Noonan syndrome

Noonan's syndromeNoonan
Examples of single gene disorders include achondroplasia, cystic fibrosis, Duchenne muscular dystrophy, hereditary breast cancer (BRCA1/2), Huntington disease, Marfan syndrome, Noonan syndrome, and Rett syndrome.
NS can be confirmed genetically by the presence of any of the known mutations listed above.

Phenylketonuria

PKUphenylketonuria, maternalphenylketonurias
Examples of metabolic disorders include galactosemia, glycogen storage disease, lysosomal storage disorders, metabolic acidosis, peroxisomal disorders, phenylketonuria, and urea cycle disorders.

Peroxisomal disorder

peroxisome biogenesis disordersperoxisomal disordersperoxisome biogenesis disorder
Examples of metabolic disorders include galactosemia, glycogen storage disease, lysosomal storage disorders, metabolic acidosis, peroxisomal disorders, phenylketonuria, and urea cycle disorders.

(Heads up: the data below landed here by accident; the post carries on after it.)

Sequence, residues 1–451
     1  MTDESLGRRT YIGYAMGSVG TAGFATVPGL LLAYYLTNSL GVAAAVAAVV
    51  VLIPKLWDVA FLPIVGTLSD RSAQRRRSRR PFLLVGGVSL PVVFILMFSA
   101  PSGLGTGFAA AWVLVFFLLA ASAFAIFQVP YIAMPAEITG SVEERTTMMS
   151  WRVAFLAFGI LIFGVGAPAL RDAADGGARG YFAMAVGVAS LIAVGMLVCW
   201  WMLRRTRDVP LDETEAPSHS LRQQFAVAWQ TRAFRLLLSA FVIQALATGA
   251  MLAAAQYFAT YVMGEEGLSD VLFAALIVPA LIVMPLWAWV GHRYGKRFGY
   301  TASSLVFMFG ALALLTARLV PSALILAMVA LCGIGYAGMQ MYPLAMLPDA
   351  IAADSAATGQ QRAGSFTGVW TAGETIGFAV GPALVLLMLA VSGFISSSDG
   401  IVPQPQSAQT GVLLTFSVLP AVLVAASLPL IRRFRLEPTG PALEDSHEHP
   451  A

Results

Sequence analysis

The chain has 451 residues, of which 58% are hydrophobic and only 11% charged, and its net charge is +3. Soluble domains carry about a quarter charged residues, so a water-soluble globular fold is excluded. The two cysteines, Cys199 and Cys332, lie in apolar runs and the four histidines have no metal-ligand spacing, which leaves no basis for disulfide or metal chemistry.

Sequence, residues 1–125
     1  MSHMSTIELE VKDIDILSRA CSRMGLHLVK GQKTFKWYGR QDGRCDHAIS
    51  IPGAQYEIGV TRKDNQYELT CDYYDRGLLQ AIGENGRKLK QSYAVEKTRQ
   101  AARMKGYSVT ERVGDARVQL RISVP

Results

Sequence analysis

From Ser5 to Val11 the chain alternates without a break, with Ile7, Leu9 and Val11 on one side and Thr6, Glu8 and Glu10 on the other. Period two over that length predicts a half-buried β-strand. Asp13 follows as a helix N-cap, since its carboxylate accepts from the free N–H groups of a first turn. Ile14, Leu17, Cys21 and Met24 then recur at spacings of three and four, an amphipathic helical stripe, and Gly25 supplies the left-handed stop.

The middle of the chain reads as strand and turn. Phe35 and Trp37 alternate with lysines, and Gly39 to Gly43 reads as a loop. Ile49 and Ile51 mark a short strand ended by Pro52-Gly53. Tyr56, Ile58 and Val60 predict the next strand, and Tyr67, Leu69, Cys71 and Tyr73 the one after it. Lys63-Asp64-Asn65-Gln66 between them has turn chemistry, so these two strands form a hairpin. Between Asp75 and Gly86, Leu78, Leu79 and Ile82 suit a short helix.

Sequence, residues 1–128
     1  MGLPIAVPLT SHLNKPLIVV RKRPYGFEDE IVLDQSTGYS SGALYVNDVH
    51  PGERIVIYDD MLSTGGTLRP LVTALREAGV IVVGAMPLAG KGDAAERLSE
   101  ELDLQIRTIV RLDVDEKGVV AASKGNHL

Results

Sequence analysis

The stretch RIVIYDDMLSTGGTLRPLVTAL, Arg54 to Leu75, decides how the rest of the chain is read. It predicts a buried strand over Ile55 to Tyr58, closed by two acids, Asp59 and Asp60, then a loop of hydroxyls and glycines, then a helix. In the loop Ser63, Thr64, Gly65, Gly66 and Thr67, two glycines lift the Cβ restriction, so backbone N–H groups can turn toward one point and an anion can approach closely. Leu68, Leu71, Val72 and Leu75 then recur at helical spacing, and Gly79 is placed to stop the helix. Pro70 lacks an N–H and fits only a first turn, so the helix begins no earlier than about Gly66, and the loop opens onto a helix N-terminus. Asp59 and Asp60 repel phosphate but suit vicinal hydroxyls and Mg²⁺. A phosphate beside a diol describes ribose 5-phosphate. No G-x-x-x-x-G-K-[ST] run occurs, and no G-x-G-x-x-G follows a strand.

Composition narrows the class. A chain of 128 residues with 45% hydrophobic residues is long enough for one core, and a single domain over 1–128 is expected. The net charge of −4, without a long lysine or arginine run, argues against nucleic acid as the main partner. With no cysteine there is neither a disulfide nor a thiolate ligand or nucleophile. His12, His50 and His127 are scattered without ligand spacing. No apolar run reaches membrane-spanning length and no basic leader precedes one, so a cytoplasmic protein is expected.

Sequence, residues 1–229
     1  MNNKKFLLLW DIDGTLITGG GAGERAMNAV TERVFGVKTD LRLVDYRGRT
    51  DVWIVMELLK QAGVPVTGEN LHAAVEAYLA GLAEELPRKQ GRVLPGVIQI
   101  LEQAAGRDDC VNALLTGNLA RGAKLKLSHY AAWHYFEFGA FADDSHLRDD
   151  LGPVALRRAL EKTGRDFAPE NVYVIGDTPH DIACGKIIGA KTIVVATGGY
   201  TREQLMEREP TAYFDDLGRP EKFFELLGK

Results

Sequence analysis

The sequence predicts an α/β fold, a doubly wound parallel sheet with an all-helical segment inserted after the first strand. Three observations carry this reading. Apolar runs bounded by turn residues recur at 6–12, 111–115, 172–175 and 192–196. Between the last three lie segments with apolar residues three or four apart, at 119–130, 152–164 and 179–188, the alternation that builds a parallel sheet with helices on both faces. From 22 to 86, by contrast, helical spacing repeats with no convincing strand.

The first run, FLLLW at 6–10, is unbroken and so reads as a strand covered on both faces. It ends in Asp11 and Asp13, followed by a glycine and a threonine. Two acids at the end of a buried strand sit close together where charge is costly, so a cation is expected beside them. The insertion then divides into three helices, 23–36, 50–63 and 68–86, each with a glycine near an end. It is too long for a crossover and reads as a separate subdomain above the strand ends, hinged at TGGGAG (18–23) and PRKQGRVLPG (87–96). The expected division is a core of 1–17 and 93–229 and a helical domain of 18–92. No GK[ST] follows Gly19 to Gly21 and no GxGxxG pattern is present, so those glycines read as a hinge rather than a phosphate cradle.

Achondroplasia

achondroplasticachondrodysplasiacongenital dwarfism
Examples of single gene disorders include achondroplasia, cystic fibrosis, Duchenne muscular dystrophy, hereditary breast cancer (BRCA1/2), Huntington disease, Marfan syndrome, Noonan syndrome, and Rett syndrome.

Aneuploidy

aneuploidaneuploidiesdisomy
Examples of chromosome abnormalities include aneuploidy, chromosomal rearrangements, and genomic deletion/duplication disorders.

Duchenne muscular dystrophy

DuchenneDuchenne muscular dystrophy (DMD)Duchenne's muscular dystrophy
Examples of single gene disorders include achondroplasia, cystic fibrosis, Duchenne muscular dystrophy, hereditary breast cancer (BRCA1/2), Huntington disease, Marfan syndrome, Noonan syndrome, and Rett syndrome.

Cystic fibrosis

CFCystic fibrosis of the pancreasdisease